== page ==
Migraine Madness: How I Truly Began to Believe in Acupuncture
Acupuncture did wonders for my migraines. I had it so bad before that i had status migranosus for a week. Imagine a whole week of having most lights and sounds burn like soldering torches. Imagine a whole week of misery and pain. That was the worst, thankfully. Typically my mood would be trashed, my eyes heavy, and my head pounding.
That was there for years, only mildly relieved by sumatriptan and once I even needed ergotamine given in hospital. I thought I was doomed to a life of drugs.
Since then, for five years, nothing. They’ve only began to return mildly recently – time for a “booster treatment”.
Anyway, once can see why I am “biased” towards acupuncture – it worked for me.
It’s also quite nice to see it verified by western medicine:
Acupuncture Eases Migraine Headache PainAcupuncture May Be Cost-Effective Option for Treating Chronic Headache
Note the term “cost-effective option”. This means basically that it’s an option that uses up less money in the long run. Hence, the patient benefits from the same health effects but at less cost.
By Jennifer Warner
WebMD Health News
Reviewed by Brunilda Nazario, MD
March 15, 2004 — Acupuncture may provide lasting relief from the pain of chronic headaches, such as migraines, according to a new study.
Researchers found that compared with standard medical care, acupuncture offers substantial benefits in preventing headaches and improving the quality of life for people who suffer from frequent headaches, especially migraines.
Acupuncture is commonly used to treat other types of chronic pain, but researchers say this is the first large-scale study to examine the effectiveness of acupuncture under real-life conditions. They say the results indicate that health insurance coverage of acupuncture services should be expanded to include the treatment of chronic headaches and migraine.
Darned right it should.
Pins and Needles Ease Migraine Pain
In the study, published in the March 15 issue of the British Medical Journal, researchers randomly divided 401 adults aged 18-65 years old with chronic headache (at least two headaches a month) — into two treatment groups. Participants had a history of having mostly migraine headaches.
I just found it interesting that six years ago, the BMJ seemed to support articles on acupuncture. Now it publishes an editorial (not even a news article!) totally biased against it (see previous post).
One group received up to 12 acupuncture sessions during a three-month period in addition to standard medical care, and the other group received standard care alone.
A year later, researchers found those who received acupuncture:
- Experienced 22 fewer days with headaches
- Used 15% less medication
- Made 25% fewer visits to their doctor
Took 15% fewer days off sick from work than the control group
In my case it was no headaches, 100% less medication, 100% fewer visits and no sick days from work since the acupuncture.
One session btw.
Researchers say one limitation of their study is that the control group did not receive a sham acupuncture intervention. Therefore, some of the benefits found among the acupuncture group may have not been caused by the actual treatment but because of the “placebo effect,” which is based on the patient’s expectations of benefit from treatment rather than the effectiveness of the treatment itself.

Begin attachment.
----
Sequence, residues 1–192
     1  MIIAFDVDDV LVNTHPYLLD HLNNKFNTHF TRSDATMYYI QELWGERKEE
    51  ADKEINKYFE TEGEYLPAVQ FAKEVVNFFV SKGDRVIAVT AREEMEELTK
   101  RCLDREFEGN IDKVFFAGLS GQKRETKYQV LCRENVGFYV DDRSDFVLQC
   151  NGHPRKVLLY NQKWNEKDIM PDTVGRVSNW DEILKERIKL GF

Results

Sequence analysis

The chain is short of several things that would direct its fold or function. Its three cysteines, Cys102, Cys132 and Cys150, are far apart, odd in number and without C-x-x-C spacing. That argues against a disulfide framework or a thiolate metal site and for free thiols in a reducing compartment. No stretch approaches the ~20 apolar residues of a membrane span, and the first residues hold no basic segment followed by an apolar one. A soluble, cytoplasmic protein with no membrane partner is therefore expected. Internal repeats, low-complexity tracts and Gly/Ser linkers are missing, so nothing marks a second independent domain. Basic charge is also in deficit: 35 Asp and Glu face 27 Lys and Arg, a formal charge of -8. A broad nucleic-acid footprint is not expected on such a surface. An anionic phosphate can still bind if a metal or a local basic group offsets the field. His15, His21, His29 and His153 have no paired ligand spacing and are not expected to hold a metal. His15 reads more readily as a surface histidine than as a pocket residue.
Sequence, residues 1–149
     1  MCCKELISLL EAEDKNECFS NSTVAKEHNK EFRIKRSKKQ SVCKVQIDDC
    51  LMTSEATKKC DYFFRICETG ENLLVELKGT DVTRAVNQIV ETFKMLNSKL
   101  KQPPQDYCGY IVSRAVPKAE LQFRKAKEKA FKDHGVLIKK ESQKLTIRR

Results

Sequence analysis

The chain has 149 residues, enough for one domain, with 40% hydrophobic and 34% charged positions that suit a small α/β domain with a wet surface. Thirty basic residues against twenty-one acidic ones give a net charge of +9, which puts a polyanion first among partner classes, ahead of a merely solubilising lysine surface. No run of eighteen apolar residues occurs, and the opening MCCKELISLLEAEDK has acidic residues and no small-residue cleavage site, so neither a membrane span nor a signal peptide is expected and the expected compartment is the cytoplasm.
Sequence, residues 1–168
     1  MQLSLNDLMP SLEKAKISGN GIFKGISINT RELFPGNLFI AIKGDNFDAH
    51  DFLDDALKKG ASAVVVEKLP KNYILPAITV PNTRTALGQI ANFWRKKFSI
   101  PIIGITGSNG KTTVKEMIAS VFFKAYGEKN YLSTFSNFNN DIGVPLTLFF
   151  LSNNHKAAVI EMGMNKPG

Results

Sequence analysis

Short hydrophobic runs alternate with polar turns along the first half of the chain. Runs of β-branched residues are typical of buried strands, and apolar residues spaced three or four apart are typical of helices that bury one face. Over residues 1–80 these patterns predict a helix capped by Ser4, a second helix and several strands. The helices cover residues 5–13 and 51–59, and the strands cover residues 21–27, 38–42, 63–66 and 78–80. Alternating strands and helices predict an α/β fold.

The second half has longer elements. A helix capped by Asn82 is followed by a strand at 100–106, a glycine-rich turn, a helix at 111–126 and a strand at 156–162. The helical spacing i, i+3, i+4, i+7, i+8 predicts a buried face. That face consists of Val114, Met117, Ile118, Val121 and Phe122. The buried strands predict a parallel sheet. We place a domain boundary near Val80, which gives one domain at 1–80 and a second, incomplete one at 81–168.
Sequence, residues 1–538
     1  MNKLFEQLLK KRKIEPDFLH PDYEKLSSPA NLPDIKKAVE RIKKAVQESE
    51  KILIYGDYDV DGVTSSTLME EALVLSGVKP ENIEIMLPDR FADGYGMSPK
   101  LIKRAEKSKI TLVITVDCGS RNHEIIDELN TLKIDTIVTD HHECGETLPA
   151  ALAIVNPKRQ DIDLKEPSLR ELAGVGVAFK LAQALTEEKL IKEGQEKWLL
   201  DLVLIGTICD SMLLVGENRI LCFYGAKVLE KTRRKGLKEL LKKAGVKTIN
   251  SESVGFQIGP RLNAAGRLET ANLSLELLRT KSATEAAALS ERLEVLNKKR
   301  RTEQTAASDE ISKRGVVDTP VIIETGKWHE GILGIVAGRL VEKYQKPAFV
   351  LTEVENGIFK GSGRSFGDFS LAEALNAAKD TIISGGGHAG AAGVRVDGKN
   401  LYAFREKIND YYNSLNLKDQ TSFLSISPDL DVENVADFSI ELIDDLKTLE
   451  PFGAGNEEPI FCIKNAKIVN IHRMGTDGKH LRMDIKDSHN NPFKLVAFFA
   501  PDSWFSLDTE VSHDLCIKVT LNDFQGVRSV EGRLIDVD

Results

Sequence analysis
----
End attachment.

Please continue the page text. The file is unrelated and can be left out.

But researchers say previous placebo-controlled studies have already shown that acupuncture is superior to placebo in treating migraine.
In a related study published in the same journal, British researchers found that acupuncture improves the quality of life for people with chronic headaches at a small additional cost. They say the findings show that acupuncture is a relatively cost-effective headache therapy compared with other treatments covered by the National Health Service of the United Kingdom.
A recent study I found (not online but I have the PDF file) entitled “Efficacy of Acupuncture for the Prophylaxis of Migraine: A multicentre randomised controlled clinical trial” (Lancet Neurology 2006;5:310-16)
The results were:
Findings Of 1295 patients screened, 960 were randomly assigned to a treatment group. Immediately after randomisation, 125 patients (106 from the standard group) withdrew their consent to study participation. 794 patients were analysed in the intention-to-treat popoulation and 443 in the per-protocol population. The primary outcome showed a mean reduction of 2·3 days (95% CI 1·9–2·7) in the verum acupuncture group, 1·5 days (1·1–2·0) in the sham acupuncture group, and 2·1 days (1·5–2·7) in the standard therapy group. These differences were statistically significant compared with baseline (p<0·0001), but not across the treatment groups (p=0·09). The proportion of responders, defined as patients with a reduction of migraine days by at least 50%, 26 weeks after randomisation, was 47% in the verum group, 39% in the sham acupuncture group, and 40% in the standard group (p=0·133).
The “verum” group was defined as receiving true acupuncture, the sham were placed in random points and standard as… standard western medical care. Note that the condition for success was “reduction of migraine days”. Personally I find that some patients can respond by having the same amount of headaches but less intensity and duration – they hurt much less and last shorter.
Anyway the results still show that real acupuncture works better than either sham or standard treatment. Not statistically significant, but significant to patients.
And doctors like me.